Published here August 2023


Musings Index

Common Misconceptions About Careers In DevOps
Max Wideman presents a contribution by author Jackie Edwards

What is DevOps?
DevOps is an operational concept designed to merge development and operations teams to promote productivity and efficiency through continual innovations and improvements. It has gained popularity and its implementation will continue to surge as more organizations rely on it to deploy software. According to Allied Research Misconceptions, the global DevOps market size in 2020 was $6.78 billion and will reach $57.9 billion by 2030.

Common Misconceptions About DevOps Jobs
With that in mind, a career in DevOps involves working with advanced technologies and processes. Typically, DevOps experts are present in every stage of software development, from design to deployment, and maintenance. DevOps involvement in the management of technology means they have first hand experience on how their work affects organizations. While a career in DevOps brings a sense of ownership and pride in one's work, a lot of myths surround the industry and that brings about a lot of confusion. Below are some common misconceptions about DevOps jobs.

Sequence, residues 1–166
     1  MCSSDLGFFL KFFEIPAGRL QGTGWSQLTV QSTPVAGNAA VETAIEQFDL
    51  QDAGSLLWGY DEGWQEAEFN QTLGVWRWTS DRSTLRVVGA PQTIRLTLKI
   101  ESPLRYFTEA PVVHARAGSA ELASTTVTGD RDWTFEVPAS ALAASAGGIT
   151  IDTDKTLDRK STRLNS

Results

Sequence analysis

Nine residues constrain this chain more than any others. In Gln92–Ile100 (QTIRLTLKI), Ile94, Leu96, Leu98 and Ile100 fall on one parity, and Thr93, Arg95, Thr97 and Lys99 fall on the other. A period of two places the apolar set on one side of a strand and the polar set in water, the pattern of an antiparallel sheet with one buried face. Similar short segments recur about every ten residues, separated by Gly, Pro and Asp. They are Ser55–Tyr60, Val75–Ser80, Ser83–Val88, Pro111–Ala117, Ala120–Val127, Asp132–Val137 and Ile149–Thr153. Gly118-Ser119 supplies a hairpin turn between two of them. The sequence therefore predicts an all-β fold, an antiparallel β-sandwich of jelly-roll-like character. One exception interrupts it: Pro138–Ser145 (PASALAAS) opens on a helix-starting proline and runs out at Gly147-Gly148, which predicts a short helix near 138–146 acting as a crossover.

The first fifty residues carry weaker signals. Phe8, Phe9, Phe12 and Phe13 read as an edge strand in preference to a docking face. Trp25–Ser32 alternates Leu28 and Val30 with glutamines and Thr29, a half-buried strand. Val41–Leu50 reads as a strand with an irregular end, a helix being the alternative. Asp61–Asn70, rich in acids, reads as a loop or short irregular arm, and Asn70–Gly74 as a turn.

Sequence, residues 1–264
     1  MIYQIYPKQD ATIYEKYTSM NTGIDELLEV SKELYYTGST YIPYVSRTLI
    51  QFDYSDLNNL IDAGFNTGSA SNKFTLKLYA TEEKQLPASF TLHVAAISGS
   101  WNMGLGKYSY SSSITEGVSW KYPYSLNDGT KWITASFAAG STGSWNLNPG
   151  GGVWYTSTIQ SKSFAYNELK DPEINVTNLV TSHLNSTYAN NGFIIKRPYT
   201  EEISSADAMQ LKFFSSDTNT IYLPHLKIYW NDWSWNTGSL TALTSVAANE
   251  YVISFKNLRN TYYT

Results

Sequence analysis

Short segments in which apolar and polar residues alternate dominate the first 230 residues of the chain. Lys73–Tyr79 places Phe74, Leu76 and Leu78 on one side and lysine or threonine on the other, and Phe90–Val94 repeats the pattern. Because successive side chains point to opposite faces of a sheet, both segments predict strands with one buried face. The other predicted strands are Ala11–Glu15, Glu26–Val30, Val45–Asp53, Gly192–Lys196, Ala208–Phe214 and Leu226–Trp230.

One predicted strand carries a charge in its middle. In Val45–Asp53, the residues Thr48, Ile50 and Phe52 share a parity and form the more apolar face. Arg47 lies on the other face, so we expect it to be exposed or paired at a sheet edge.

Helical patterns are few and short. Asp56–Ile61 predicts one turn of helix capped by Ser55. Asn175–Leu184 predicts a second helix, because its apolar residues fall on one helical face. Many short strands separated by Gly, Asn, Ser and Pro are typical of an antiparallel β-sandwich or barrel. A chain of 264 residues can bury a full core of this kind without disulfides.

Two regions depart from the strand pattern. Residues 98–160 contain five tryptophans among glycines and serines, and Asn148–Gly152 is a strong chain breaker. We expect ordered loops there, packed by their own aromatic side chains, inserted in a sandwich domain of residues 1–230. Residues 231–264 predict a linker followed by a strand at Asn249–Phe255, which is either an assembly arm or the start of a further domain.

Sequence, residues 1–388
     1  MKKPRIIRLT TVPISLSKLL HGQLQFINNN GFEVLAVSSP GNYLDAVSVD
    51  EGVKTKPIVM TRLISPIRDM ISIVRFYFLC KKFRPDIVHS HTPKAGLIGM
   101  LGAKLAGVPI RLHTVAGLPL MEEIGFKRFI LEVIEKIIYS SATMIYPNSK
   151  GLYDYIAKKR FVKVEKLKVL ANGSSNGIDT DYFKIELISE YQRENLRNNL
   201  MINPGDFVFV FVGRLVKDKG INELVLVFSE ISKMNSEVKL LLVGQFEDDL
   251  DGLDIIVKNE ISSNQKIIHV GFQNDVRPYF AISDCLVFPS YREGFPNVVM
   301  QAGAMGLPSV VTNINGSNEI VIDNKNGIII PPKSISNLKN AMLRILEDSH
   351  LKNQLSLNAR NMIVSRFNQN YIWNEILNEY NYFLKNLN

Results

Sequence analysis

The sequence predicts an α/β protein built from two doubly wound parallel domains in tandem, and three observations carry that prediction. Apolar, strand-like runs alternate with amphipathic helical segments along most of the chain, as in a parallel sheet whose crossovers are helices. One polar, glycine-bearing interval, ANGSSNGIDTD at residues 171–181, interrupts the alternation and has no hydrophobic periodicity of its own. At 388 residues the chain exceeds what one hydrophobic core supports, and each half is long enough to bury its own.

DevOps is All About Tools
There is no doubt that tools play a significant role in the DevOps process, but they are only a part of the equation. Contrary to popular belief, you cannot implement DevOps and provide software delivery successfully by following a checklist of tools that your team should adapt. Too often, companies looking to integrate DevOps in their daily operations assume that by purchasing various tools, like Librato for monitoring services or Chef, a configuration management tool, they have achieved DevOps.

However, that is not the case because there are different aspects of DevOps. For DevOps to be successful in any organization, it involves people, processes, and tools. Besides implementing a new set of tech tools, organizations must also focus on cultural shifts.

Technical and non-technical teams in each department must have excellent knowledge about the cultural shift behind DevOps. After all, if no one within your organization knows how to use different tech tools, it is impossible to nurture a culture of collaboration and efficiency that DevOps aims to achieve. Also, a lack of well-defined processes or methodologies serves to delay your efforts to build a strong DevOps culture.

Only Large Enterprises Need DevOps
Many people think DevOps is a concept designed for large companies only, but that is not true. Small businesses can benefit from DevOps by developing an incremental strategy or a simple approach that focuses on minor achievements. Too often, small startups typically employ product managers and software engineers at the early stages of product development. A DevOps engineer or infrastructure expert will come into play in the later cycles of software or application maturity. Your small software engineering team can achieve satisfactory results by implementing a few simple strategies.